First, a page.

By Raffique Shah
December 05, 2022
If you know the Caroni River basin fairly well, and you are familiar with the Caroni River, if you have seen it overflow its banks after, say, two days of torrential rainfall, you will have seen floods spread rapidly, inundating everything along its banks for miles. Ever since I came of age and a rode a bicycle, and later acquired a motor vehicle, I have had many encounters with the flood waters of the Caroni, starting with cycling through Madras Road when the water was maybe eighteen inches high, which was challenging, but nevertheless something of a thrill for us boys, to driving through Kelly, St Helena and Piarco villages, having to skilfully use one foot on the vehicle’s accelerator to keep the exhaust functioning, and another on the brake pedal to control its speed.
I was among hundreds of motorists who slept in our vehicles on the incomplete north-bound lane of the Butler Highway back in 1987 (??) when floods rendered it impassable.
When I look back at my adventures with flooding, I realize that I can be a poster-geezer for floods. I was born in a flood in the then rustic village of Endeavour. My mother told me that on the day she gave birth to me, it had rained heavily and there was flooding even though it was early March. When she took baby Raf home, it was to a small cottage in Brechin Castle, not far from Pt. Lisas, where I would spend the next four years of my childhood, waking, sleeping and playing less than one hundred meters from the very deep and very active Couva river. Even as a child, I realised that flooding was serious business when my father warned me repeatedly to not go close to the river.
Yet, when we moved to Freeport in 1950, Pa had chosen to rent a house that literally sat on a bend in the Freeport river, which meandered south, then turned west, then turned back north, all around this plot of land on which we lived for four years and faced about one hundred floods. I exaggerate, but it felt like that since there were so many days on which we had to walk through flood waters to get inside the house which stood on stilts approximately six feet tall. When it rained, many nights we would awaken to the sound of water lapping just below the floor on which we slept.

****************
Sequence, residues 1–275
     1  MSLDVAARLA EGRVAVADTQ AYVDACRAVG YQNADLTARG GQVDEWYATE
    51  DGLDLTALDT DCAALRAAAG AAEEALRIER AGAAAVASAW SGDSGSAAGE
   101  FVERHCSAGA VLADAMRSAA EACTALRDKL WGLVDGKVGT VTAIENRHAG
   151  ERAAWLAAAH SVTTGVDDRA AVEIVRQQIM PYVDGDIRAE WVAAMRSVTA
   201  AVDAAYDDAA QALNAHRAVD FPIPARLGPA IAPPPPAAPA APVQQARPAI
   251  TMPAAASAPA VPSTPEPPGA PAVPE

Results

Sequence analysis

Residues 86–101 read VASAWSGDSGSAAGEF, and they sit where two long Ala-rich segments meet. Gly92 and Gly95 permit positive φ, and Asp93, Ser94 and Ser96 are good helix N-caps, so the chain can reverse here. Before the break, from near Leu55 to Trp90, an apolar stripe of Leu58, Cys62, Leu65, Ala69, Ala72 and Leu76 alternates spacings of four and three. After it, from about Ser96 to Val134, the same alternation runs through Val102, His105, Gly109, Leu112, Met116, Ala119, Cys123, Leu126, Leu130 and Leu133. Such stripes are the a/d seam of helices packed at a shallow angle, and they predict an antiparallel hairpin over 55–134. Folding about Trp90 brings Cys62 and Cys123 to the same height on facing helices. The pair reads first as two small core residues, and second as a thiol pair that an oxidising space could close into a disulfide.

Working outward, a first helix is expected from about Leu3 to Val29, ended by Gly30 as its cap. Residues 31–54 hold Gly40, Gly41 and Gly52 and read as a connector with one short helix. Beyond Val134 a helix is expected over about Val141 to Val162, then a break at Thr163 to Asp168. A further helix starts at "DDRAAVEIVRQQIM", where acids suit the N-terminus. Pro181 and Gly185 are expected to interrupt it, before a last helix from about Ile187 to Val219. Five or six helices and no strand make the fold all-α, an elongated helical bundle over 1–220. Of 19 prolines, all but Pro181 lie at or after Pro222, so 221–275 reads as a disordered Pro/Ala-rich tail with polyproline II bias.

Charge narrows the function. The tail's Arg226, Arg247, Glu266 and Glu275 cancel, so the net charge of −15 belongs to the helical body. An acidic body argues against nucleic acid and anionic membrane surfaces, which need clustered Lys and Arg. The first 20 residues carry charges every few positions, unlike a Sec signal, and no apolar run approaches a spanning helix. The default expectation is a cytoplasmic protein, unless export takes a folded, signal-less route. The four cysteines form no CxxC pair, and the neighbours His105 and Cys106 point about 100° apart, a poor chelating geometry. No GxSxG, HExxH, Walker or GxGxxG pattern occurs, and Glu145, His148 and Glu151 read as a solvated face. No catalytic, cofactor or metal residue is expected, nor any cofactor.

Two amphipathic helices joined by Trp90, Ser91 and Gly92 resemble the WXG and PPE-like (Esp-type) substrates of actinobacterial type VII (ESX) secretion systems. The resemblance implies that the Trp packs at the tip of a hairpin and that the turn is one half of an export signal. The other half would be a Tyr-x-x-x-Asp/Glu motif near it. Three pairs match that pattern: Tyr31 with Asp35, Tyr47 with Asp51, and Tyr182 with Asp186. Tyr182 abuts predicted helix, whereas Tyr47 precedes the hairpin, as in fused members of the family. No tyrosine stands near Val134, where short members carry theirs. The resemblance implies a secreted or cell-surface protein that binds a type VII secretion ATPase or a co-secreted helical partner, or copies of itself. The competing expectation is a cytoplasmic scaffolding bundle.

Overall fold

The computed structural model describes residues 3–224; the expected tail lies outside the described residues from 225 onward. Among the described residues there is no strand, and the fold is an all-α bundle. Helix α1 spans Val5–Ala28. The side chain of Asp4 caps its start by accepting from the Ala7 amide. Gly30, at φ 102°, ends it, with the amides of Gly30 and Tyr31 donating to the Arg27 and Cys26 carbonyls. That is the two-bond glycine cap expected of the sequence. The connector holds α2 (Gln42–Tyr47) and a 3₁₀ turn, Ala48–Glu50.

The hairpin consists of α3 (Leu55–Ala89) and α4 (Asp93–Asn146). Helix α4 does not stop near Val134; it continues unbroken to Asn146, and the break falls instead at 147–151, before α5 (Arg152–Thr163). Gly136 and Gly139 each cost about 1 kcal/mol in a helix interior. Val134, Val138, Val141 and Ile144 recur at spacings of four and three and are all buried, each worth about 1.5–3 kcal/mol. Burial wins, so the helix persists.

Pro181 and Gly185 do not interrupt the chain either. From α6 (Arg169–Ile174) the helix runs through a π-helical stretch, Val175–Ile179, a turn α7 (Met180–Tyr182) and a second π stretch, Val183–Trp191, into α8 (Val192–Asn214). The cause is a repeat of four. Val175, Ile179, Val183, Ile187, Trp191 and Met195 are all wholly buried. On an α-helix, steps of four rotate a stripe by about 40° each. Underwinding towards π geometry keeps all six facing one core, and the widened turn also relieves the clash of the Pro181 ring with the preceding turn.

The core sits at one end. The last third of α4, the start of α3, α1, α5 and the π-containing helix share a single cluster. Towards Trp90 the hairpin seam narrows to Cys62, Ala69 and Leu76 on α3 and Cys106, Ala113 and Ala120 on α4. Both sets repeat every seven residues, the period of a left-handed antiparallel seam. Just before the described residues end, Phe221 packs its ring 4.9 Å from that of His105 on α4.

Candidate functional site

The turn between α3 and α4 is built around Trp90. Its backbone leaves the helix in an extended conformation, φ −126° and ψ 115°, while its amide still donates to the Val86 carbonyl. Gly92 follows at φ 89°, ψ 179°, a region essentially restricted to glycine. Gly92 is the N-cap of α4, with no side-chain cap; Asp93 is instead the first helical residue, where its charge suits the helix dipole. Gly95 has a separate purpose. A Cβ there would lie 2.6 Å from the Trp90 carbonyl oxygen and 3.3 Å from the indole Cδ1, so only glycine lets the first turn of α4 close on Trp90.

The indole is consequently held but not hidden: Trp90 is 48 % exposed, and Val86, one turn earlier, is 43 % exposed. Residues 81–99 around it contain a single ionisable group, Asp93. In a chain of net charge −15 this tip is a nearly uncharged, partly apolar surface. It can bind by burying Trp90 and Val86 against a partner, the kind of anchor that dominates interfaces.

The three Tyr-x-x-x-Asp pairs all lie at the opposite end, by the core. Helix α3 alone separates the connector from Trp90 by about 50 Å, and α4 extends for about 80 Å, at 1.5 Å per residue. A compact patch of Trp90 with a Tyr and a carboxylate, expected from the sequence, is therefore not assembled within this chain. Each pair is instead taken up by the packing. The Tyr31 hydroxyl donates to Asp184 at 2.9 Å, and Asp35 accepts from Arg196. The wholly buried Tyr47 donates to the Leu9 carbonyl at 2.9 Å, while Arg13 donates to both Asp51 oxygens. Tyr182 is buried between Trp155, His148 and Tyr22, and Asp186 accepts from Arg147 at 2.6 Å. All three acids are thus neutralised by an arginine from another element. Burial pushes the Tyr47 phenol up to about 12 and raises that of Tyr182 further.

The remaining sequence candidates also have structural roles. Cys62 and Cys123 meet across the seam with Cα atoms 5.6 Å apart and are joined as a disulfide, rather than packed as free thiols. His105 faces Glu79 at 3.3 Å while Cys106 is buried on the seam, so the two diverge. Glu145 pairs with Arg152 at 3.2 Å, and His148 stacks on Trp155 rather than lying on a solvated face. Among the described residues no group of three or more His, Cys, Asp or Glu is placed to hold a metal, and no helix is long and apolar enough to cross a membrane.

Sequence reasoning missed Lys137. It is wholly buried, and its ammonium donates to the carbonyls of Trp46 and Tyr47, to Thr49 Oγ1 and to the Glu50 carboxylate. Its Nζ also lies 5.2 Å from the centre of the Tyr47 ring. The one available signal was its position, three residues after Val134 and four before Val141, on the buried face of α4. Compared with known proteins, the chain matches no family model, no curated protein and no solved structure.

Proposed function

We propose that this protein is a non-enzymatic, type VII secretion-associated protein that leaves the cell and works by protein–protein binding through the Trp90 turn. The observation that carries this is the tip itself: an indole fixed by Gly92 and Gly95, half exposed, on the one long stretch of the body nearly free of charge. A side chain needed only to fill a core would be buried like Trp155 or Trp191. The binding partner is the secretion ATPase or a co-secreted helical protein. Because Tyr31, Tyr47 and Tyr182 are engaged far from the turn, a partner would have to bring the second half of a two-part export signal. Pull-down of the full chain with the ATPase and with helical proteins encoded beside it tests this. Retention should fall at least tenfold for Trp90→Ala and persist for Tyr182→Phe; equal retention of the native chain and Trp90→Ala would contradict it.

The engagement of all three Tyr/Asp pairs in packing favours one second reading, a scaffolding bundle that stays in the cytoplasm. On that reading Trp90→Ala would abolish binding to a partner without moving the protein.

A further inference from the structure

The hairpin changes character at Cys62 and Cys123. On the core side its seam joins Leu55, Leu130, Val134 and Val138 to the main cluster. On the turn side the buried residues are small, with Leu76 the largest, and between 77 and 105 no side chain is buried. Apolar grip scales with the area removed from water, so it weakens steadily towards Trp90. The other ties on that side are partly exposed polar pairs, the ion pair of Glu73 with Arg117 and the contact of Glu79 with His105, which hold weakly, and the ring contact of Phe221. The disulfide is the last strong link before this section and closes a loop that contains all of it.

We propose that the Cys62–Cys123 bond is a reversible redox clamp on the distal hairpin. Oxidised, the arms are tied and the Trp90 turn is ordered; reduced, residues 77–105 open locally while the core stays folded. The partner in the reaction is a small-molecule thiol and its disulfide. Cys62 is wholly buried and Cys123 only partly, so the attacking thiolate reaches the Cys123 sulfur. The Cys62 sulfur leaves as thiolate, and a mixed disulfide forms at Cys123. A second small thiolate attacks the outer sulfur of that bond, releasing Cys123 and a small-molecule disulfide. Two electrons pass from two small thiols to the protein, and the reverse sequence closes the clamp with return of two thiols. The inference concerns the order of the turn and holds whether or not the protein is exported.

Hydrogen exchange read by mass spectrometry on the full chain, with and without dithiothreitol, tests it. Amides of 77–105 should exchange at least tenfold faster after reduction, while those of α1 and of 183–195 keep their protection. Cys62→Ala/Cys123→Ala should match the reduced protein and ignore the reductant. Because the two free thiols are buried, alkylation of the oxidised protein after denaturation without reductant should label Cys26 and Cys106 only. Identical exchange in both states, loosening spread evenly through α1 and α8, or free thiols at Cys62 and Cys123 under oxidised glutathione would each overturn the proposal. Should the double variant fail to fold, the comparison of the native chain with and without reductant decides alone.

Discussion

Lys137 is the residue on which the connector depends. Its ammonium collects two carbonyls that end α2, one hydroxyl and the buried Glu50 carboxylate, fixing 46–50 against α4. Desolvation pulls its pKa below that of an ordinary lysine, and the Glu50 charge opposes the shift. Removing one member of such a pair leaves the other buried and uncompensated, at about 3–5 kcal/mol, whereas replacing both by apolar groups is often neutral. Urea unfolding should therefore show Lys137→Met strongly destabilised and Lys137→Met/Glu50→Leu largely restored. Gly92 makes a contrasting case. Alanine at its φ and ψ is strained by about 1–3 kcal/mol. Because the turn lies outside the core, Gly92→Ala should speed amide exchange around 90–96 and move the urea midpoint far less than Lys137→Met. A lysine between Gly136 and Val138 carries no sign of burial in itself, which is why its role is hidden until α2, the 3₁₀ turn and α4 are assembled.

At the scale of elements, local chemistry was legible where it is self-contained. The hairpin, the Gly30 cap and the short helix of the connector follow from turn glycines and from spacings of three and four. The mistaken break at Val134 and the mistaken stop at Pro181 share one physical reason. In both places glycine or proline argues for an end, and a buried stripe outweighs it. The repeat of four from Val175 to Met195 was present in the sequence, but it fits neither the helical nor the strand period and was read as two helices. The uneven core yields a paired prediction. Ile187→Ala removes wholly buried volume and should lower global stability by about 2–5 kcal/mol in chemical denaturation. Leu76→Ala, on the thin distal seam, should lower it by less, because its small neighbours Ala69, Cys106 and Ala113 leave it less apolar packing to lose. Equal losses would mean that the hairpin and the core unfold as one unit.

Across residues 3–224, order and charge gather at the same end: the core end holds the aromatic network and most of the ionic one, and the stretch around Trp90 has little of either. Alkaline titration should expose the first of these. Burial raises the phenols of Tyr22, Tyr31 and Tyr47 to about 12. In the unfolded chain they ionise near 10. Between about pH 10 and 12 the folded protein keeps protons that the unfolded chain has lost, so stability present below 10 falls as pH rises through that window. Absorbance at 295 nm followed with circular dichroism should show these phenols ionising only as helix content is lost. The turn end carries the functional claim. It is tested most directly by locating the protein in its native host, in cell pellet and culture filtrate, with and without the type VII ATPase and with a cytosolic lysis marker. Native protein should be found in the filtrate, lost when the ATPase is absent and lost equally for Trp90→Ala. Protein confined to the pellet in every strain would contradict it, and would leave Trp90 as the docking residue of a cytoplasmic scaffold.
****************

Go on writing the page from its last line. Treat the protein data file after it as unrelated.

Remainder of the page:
We played in floods: innocently unaware of the dangers of water-borne diseases, although we were mindful of the pit latrine nearby that was also inundated in floods. Later in life it seemed to me that everywhere I lived, there were rivers, water courses and at Sandhurst, a beautiful lake into which flowed the rustic Wish Stream. So I know a thing or ten about floods. Post-army, when I chose to organise sugar cane farmers and help establish a food crop farmers association, I traversed this island from Waller Field and Barataria in the north to Barrackpore and Moruga in the south. Many occasions when I set meetings I had to brave flooded, pot-holed roads to get to those meetings. Often farmers would call saying to me, ‘Boss, the Papourie Road flooded’ or ‘Rock Road under water’. I have witnessed The Bamboos-all three of them, El Socorro South, Pasea, under water for days. Farmers who lived in these communities were inconvenienced, suffered severe losses of crops they will never harvest and livestock that perished by drowning.
I have recounted the history above to indicate that I know, I have experienced how floods can wreak havoc with people lives. A flooded house smells awful, sometimes for months after the event. The dampness seems to remain clinging to you as a constant reminder of the rush of muddy water, of moving to high ground to secure your person and belongings, the distress of the weeks if not months of cleaning in an attempt to rid a stench and stains that will never leave.
On occasions we would seek some assistance from government to get the worst affected farmers back on their feet. In Bamboo Two, where the houses were generally small and stood on wooden stilts, barely above the flood waters, and where, seeking safety, livestock joined man in the upper living and sleeping floor, the flooded communities rallied together to help each other. While they believed the government was responsible for keeping the main watercourses flowing, they knew that they had chosen to live in the Caroni River’s flood zone, hence they had responsibilities.
The Government did not compel them to live there, nor was the Government responsible for the heavier-than-normal rains that, from time to time struck. The Government definitely had no hand in unleashing the recent six-day deluge that was bound to flood everywhere it poured.
If you listen to ‘dotish’ talk, you would swear the government ordered WASA to open the valve in the skies above T&T.